“Srikanth had told me at Nagpur before the tournament that he is not playing at China since he was playing back to back tournaments. So that was pre-decided but regarding Pranaav and Ajay’s injury I am not aware,” he said.

“Nagpur stadium is a superb stadium, players can get injured even abroad. That hazard is always there but this time no injuries reported linking it to Nationals. Playing nationals in more important, otherwise we will not get next generation of players,” he added.

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Swara Bhasker: Sharp objects has to be on the radar of every woman who is tired of being “nice”

The actress weighs in on what she loves about the show.

This article has been written by award-winning actor Swara Bhasker.

All women growing up in India, South Asia, or anywhere in the world frankly; will remember in some form or the other that gentle girlhood admonishing, “Nice girls don’t do that.” I kept recalling that gently reasoned reproach as I watched Sharp Objects (you can catch it on Hotstar Premium). Adapted from the author of Gone Girl, Gillian Flynn’s debut novel Sharp Objects has been directed by Jean-Marc Vallée, who has my heart since he gave us Big Little Lies. It stars the multiple-Oscar nominee Amy Adams, who delivers a searing performance as Camille Preaker; and Patricia Clarkson, who is magnetic as the dominating and dark Adora Crellin. As an actress myself, it felt great to watch a show driven by its female performers.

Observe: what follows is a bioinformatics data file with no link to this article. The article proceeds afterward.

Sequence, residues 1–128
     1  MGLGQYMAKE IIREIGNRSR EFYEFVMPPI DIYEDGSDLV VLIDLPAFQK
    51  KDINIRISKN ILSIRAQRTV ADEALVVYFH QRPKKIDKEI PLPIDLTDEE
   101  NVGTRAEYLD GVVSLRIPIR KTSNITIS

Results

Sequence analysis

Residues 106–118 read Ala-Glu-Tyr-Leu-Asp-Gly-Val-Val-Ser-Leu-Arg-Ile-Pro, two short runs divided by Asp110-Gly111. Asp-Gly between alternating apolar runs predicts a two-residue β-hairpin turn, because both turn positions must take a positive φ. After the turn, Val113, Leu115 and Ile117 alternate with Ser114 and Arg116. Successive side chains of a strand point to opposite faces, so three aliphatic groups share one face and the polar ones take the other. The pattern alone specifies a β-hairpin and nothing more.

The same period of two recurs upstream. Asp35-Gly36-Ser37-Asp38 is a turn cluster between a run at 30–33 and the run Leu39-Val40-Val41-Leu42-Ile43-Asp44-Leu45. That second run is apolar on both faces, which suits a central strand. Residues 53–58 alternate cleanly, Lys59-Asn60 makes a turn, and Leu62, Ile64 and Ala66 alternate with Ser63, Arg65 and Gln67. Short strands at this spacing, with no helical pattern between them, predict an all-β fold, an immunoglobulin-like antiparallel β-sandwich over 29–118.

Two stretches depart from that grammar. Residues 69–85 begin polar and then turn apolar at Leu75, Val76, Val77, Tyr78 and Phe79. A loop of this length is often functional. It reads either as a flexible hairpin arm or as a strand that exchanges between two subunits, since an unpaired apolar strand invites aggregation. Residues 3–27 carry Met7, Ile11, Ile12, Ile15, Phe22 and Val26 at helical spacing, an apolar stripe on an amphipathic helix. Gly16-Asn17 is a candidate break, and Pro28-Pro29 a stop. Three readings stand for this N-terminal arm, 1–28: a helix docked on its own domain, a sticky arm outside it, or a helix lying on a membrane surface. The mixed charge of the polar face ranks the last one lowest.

The series is woven around a troubled, alcohol-dependent, self-harming, female journalist Camille (single and in her thirties incidentally) who returns to the small town of her birth and childhood, Wind Gap, Missouri, to report on two similarly gruesome murders of teenage girls. While the series is a murder mystery, it equally delves into the psychology, not just of the principal characters, but also of the town, and thus a culture as a whole.

There is a lot that impresses in Sharp Objects — the manner in which the storytelling gently unwraps a plot that is dark, disturbing and shocking, the stellar and crafty control that Jean-Marc Vallée exercises on his narrative, the cinematography that is fluid and still manages to suggest that something sinister lurks within Wind Gap, the editing which keeps this narrative languid yet sharp and consistently evokes a haunting sensation.

Sharp Objects is also liberating (apart from its positive performance on Bechdel parameters) as content — for female actors and for audiences in giving us female centric and female driven shows that do not bear the burden of providing either role-models or even uplifting messages. 

Instead, it presents a world where women are dangerous and dysfunctional but very real — a world where women are neither pure victims, nor pure aggressors. A world where they occupy the grey areas, complex and contradictory as agents in a power play, in which they control some reigns too.

But to me personally, and perhaps to many young women viewers across the world, what makes Sharp Objects particularly impactful, perhaps almost poignant, is the manner in which it unravels the whole idea, the culture, the entire psychology of that childhood admonishment “Nice girls don’t do that.” Sharp Objects explores the sinister and dark possibilities of what the corollary of that thinking could be.

“Nice girls don’t do that.”

“Who does?”

“Bad girls.”

“So I’m a bad girl.”

“You shouldn’t be a bad girl.”

“Why not?”

“Bad girls get in trouble.”

“What trouble? What happens to bad girls?”

“Bad things.”

“What bad things?”

“Very bad things.”